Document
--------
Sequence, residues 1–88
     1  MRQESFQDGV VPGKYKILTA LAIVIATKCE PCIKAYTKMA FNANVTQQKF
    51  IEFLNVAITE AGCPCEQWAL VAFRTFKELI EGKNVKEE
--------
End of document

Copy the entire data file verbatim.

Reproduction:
Sequence, residues 1–88
     1  MRQESFQDGV VPGKYKILTA LAIVIATKCE PCIKAYTKMA FNANVTQQKF
    51  IEFLNVAITE AGCPCEQWAL VAFRTFKELI EGKNVKEE